The show details the co-existence of vampires and humans in Bon Temps, a fictional small Louisiana town, after Japanese-made synthetic blood – "TruBlood" – becomes available for purchase. It follows Sookie Stackhouse (Anna Paquin), a telepathic waitress at a diner, who falls in love with vampire Bill Compton (Stephen Moyer).
On September 17, 2008, HBO announced it renewed True Blood for a second season after airing only two episodes. Production will begin early 2009, with new episodes slated to air during June-August 2009.
At first I had my apprehensions.
Having been a fan of the vampire mythologies from Vampire the Masquerade, Vampire the Requiem (both from White Wolf Gaming Studios) and from the Anne Rice novels, a new series on vampires worried me. While I don't really mind the melodramatics and the gore, I was worried this would simply be another "Twilight" in the making.
Thankfully, it is the furthest from what Twilight can ever aspire to be, and that is a very very good thing in my book.
True Blood captures the sexy, sultry, dangerous vampire that has long needed to be brought back into television, and it does it with a brashness that is relatively unheard of so far. In the era of censorship and toned-down for the public consumption comes a show that does really give new fangs to sex, blood and drama. And it does it really well.
The show, at times seems temptingly predictable, but loves to catch the viewers off-guard with little twists and an old but never overused cliche device, "the dream sequence." Just as Battlestar Galactica shocked its viewers in its mid-season ender, Revelations, having someone shoot someone pointblank in the bridge, True Blood has its own WTF OMG moments that are nicely later on revealed to be dreams or imagined moments. The analogies of vampirism to homosexuality (coming out of the coffin) and even drug addiction are present, however, the show never ends up having vampires embrace a sensual feminine grace the way Anne Ricean vampires do. Instead, the show gives us the beastial hot masculine predators that vampires can be, and nicely interposes this against both human... and not-so-human elements.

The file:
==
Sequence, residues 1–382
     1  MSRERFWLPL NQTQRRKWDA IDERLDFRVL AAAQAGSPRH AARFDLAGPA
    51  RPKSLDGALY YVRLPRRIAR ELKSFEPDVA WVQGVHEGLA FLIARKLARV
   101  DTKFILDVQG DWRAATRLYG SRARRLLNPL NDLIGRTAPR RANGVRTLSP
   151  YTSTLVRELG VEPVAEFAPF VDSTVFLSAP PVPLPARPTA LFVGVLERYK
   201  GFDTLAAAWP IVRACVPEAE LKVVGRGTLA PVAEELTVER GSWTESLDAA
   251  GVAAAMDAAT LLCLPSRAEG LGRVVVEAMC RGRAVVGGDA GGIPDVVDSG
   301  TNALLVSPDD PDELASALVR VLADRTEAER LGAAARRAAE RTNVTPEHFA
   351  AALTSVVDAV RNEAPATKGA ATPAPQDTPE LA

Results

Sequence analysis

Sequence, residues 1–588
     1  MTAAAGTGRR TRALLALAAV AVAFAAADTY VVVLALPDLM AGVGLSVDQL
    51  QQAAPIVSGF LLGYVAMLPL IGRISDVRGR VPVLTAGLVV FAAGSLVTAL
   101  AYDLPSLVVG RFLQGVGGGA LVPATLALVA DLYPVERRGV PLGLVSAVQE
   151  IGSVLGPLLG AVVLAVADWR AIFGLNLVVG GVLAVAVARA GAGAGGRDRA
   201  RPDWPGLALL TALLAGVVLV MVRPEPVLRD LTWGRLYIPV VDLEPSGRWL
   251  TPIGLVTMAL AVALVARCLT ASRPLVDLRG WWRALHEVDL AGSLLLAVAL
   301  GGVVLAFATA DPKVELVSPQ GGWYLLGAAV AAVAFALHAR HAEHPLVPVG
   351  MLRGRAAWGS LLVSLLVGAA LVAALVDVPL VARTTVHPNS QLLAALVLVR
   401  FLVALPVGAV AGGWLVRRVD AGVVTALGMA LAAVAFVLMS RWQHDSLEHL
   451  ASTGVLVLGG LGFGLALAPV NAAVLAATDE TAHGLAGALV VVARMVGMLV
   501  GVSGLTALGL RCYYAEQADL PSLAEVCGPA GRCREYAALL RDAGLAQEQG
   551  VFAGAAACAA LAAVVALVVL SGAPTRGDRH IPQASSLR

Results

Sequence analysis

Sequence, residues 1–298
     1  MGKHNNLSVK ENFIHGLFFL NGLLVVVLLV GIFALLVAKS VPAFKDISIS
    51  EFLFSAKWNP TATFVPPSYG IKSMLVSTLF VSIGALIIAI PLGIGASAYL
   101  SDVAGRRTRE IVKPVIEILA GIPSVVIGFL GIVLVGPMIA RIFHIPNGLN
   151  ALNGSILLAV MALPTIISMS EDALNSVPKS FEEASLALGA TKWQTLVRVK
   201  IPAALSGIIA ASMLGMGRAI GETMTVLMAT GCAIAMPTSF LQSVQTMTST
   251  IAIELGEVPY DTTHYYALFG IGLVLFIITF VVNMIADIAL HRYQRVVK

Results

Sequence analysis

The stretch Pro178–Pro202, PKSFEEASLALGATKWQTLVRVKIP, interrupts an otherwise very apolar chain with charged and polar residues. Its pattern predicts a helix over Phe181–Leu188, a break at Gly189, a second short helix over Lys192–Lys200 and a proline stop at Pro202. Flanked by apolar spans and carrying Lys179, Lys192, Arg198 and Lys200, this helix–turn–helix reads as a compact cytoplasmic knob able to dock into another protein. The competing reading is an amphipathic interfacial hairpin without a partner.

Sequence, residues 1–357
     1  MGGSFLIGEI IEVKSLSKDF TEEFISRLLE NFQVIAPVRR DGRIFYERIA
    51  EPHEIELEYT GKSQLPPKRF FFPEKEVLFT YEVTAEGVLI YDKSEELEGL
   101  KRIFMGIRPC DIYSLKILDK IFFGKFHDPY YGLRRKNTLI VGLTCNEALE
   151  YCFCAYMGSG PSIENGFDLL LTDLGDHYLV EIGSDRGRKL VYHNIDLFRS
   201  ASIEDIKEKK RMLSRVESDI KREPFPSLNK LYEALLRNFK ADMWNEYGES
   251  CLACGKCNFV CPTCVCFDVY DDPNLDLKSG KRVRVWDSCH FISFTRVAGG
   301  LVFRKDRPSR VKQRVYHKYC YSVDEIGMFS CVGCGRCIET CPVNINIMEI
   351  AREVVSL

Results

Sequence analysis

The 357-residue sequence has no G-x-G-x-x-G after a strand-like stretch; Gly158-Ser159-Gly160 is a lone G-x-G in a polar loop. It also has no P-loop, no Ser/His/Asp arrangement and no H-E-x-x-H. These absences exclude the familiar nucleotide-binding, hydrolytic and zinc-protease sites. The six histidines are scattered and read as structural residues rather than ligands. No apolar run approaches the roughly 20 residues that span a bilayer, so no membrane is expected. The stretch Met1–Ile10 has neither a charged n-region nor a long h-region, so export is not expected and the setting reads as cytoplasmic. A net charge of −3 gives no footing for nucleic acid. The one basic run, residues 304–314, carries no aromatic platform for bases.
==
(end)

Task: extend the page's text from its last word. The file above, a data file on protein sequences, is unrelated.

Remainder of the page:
Definitely not for the young, however, considering many of the sexual scenes are pretty much soft-core porn in their own right, True Blood is a damned good shot of vitae into the entertainment industry too blinded by the prettiness of Edward and the witty banters of Buffy. (Oh, that's gonna rile up some fans of those two shows for sure!) While I love Joss Whedon for his Firefly and Dr. Evil antics (not to mention his comics are the bomb) when it comes to showing vampires as the damn deadly desirable undead they are, give me my True Blood.